A Rising Tide of Advocacy at Tidally United

By: Jeff Moates

Sea Level Rise is a major issue in Florida. A recent piece by the Washington Post put the Tampa Bay area in the crosshairs of a major tropical event and detailed the amount of destruction that could occur should a Category 4 or 5 type storm make a direct hit. This had the locals talking, especially the area’s government and elected officials specifically about the issue of Sea Level Rise. FPAN staff has prioritized efforts to be a part of the conversation too. The Heritage Monitoring Scout program and its annual meeting, known as Tidally United, are important pieces of FPAN’s programmatic response to coming impacts on coastal archaeological and heritage sites.

Just this month, our colleagues from FPAN’s Southeast and Southwest Centers co-hosted the Second Annual Tidally United Summit in Hollywood, FL. For this go-around FPAN teamed up with the Tribal Historic Preservation Office of the Seminole Tribe of Florida and the Ah-Tha-Thi-Ki Museum to accommodate participants and attendees at the Tribal Learning Center.

The Summit commenced with a warm welcome from a Junior Tribal member and wrapped up with a succinct and poignant response from Betty Osceola, a member, farmer, and educator of the Miccosukee Tribe about Native People’s resiliency in South Florida. In between archaeologists, researchers, Tribal members, and members of the general public shared information and discussion about climate change, environmental and social justice, community, and efforts aimed at restoration and tracking changes at coastal sites.

Betty Osceola of the Miccosukee Tribe of Indians and Panther clan, addressing the importance of partnerships, community, and most importantly hope and positivity in facing the inevitable challenge of sea level rise and climate change.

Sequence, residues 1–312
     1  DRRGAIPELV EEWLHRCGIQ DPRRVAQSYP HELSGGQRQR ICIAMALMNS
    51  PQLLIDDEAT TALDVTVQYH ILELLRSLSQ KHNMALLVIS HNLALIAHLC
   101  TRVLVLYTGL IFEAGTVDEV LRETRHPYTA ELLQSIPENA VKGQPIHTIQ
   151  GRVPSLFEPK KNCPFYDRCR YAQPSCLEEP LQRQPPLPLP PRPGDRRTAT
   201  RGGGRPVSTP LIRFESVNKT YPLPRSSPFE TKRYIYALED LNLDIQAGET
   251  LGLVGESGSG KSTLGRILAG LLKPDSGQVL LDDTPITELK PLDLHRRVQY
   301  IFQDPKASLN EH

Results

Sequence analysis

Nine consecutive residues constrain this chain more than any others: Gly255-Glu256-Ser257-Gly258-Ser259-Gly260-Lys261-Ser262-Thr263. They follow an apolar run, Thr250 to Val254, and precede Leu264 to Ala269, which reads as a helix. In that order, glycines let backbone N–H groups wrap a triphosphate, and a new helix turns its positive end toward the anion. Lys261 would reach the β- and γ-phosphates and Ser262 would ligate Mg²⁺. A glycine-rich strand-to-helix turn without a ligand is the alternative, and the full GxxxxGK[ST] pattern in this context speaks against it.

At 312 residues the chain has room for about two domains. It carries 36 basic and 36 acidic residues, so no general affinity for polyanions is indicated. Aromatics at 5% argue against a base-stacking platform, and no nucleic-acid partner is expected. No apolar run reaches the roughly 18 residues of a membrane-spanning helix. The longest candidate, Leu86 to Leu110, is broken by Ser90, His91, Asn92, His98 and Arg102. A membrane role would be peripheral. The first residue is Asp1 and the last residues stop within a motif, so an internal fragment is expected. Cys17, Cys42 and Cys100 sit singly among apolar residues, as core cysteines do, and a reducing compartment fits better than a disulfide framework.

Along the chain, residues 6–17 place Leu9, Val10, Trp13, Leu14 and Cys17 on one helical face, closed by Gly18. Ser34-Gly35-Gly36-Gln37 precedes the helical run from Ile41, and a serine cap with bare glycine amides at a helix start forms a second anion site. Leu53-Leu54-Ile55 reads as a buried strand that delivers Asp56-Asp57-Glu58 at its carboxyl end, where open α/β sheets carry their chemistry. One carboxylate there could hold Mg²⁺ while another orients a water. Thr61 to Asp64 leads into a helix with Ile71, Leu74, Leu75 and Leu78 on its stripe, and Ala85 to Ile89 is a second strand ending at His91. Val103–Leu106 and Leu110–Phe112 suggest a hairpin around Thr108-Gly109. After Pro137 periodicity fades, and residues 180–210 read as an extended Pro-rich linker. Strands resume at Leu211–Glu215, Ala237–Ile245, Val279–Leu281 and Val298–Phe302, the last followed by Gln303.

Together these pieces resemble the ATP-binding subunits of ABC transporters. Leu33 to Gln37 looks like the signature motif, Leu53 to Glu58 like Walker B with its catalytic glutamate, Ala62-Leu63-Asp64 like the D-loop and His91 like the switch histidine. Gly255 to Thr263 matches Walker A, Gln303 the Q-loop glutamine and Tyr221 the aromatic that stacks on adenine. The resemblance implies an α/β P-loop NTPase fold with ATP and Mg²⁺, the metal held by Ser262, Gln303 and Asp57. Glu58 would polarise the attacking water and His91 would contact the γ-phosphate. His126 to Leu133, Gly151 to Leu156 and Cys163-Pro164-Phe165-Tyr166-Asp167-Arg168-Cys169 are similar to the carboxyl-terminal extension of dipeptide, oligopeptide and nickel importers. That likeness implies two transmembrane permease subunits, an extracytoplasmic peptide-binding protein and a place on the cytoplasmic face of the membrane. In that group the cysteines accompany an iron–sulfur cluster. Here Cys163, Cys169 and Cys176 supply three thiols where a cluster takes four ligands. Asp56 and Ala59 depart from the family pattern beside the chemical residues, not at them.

Across the state of Florida the Heritage Monitoring Scout program is building capacity. Recent data show over 250 registered scouts are actively monitoring over 220 archaeological and heritage sites all along our extensive coastlines in Florida. We look forward to highlighting more of the scouts and monitoring projects at next year’s conference. In the coming year, we are excited to plan for and host the next Tidally United Summit in the Tampa Bay area and are looking to build on the successes of the first two conferences. Tidally United 2018 will continue the tradition of creating a space for stakeholders, community, and researchers to share information and learn more about how we can each have a role in shaping our quality of life here in Tampa Bay and across Florida.

Join us next year at Tidally United in the Tampa Bay area!

 

Jeff is the Director of the West Central Regional Center of the Florida Public Archaeology Network, located at the University of South Florida in Tampa. If you would like more information about the Heritage Monitoring Scout program or Tidally United please contact him at jmoates@usf.edu

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